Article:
Nadal, Robredo Slam ATP Schedule Plans
KEY BISCAYNE -- Rafael Nadal is not happy. Neither is Tommy Robredo. Nor are about 60 players who earn a big part of their salary on clay courts and who signed a petition that Nadal and Robredo waved at ATP CEO Etienne de Villiers in an extremely noisy, extremely unpleasant meeting Tuesday night.
Things got so out of hand, according to one of my moles, that dozens of players walked out of this mandatory players meeting, which was called to go over a number of issues -- not the least of which was to explore plans to eliminate Monte Carlo as a Masters Series event in 2009 and reduce the prize money there from $2.1 million to about $500,000.
They're also not happy about plans to downgrade another Masters event in Hamburg.
Things became so contentious in the meeting that at one point Roger Federer got up from his seat at the front and moved to the back of the room because "it was quieter back there."
More than one source said that de Villiers was having trouble controlling the temperament of the meeting, which is unfortunate because what he's trying to do is the right path. If the ATP is to streamline its schedule by reducing one of the nine Masters Series events, Monte Carlo is it. It's a great site, with the courts overlooking the Mediterranean, but the revenues there are nothing to brag about.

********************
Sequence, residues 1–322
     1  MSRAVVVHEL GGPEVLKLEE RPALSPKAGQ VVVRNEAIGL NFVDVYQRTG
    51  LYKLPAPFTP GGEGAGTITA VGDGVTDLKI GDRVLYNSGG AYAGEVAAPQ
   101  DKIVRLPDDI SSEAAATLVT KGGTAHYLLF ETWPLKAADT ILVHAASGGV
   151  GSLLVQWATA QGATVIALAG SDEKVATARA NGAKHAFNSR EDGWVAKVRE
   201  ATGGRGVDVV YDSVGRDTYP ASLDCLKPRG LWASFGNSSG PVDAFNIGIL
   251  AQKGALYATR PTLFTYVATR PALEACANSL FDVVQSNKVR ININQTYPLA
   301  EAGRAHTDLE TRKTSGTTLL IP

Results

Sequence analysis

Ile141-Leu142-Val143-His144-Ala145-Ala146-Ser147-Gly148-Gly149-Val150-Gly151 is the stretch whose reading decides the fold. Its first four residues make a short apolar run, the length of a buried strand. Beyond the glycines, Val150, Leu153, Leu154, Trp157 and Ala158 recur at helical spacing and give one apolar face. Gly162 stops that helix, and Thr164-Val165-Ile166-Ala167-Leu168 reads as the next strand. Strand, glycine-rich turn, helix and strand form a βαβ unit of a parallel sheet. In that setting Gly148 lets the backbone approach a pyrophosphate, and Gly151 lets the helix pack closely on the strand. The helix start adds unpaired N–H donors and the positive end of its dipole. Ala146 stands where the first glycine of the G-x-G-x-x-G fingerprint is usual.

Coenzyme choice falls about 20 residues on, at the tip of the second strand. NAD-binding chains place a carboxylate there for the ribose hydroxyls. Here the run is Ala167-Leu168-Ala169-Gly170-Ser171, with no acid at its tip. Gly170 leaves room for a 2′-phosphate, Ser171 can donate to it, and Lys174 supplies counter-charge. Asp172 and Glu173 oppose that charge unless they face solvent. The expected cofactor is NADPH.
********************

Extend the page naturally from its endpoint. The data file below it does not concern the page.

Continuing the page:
Those clay courters who are demanding de Villiers instead eliminate one of the four North American hardcourt Masters Series events (Indian Wells, Key Biscayne, Cincinnati and Canada) are dreaming. All four of these events produce solid revenues.
Monte Carlo is a clay court event which has been won over the last several years by Nadal, Guillermo Coria, Juan Carlos Ferrero and Gustavo Kuerten. Hamburg, which is two weeks before the French Open, was won last year by Robredo. It's cold there in mid-May. It can be wet and the clay can be very heavy.
Nothing was settled at the meeting, but de Villiers got a major earful. That's something he didn't need a couple weeks after fumbling the round robin problem in Las Vegas. One thing is clear. There's a deep split among the players and de Villiers, who is a strong "people person," has to find a way to bring Robredo and Nadal and their supporters into some kind of compromise with those who either don't care about Monte Carlo and Hamburg or who make their money essentially on the hardcourts.
Another meeting like this could drive a very deep wedge not only between the players and the ATP management, but between players themselves.